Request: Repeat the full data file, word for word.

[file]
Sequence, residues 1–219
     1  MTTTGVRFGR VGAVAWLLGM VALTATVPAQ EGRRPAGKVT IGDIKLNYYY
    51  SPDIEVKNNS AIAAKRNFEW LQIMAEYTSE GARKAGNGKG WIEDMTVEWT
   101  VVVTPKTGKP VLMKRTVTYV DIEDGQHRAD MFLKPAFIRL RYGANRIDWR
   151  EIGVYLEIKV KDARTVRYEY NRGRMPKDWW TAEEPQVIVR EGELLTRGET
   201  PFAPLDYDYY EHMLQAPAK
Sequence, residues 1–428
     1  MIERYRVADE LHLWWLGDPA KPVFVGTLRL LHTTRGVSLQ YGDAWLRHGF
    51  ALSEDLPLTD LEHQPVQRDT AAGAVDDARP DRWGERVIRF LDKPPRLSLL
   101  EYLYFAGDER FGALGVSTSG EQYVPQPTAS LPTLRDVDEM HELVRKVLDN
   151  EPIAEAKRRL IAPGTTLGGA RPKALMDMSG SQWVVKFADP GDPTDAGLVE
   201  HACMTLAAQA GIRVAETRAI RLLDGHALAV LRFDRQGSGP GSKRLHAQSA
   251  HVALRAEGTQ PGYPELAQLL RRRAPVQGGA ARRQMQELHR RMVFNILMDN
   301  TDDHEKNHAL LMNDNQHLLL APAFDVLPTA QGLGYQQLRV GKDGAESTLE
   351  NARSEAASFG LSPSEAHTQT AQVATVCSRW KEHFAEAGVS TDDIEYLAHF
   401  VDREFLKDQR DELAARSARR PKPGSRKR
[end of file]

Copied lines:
Sequence, residues 1–219
     1  MTTTGVRFGR VGAVAWLLGM VALTATVPAQ EGRRPAGKVT IGDIKLNYYY
    51  SPDIEVKNNS AIAAKRNFEW LQIMAEYTSE GARKAGNGKG WIEDMTVEWT
   101  VVVTPKTGKP VLMKRTVTYV DIEDGQHRAD MFLKPAFIRL RYGANRIDWR
   151  EIGVYLEIKV KDARTVRYEY NRGRMPKDWW TAEEPQVIVR EGELLTRGET
   201  PFAPLDYDYY EHMLQAPAK
Sequence, residues 1–428
     1  MIERYRVADE LHLWWLGDPA KPVFVGTLRL LHTTRGVSLQ YGDAWLRHGF
    51  ALSEDLPLTD LEHQPVQRDT AAGAVDDARP DRWGERVIRF LDKPPRLSLL
   101  EYLYFAGDER FGALGVSTSG EQYVPQPTAS LPTLRDVDEM HELVRKVLDN
   151  EPIAEAKRRL IAPGTTLGGA RPKALMDMSG SQWVVKFADP GDPTDAGLVE
   201  HACMTLAAQA GIRVAETRAI RLLDGHALAV LRFDRQGSGP GSKRLHAQSA
   251  HVALRAEGTQ PGYPELAQLL RRRAPVQGGA ARRQMQELHR RMVFNILMDN
   301  TDDHEKNHAL LMNDNQHLLL APAFDVLPTA QGLGYQQLRV GKDGAESTLE
   351  NARSEAASFG LSPSEAHTQT AQVATVCSRW KEHFAEAGVS TDDIEYLAHF
   401  VDREFLKDQR DELAARSARR PKPGSRKR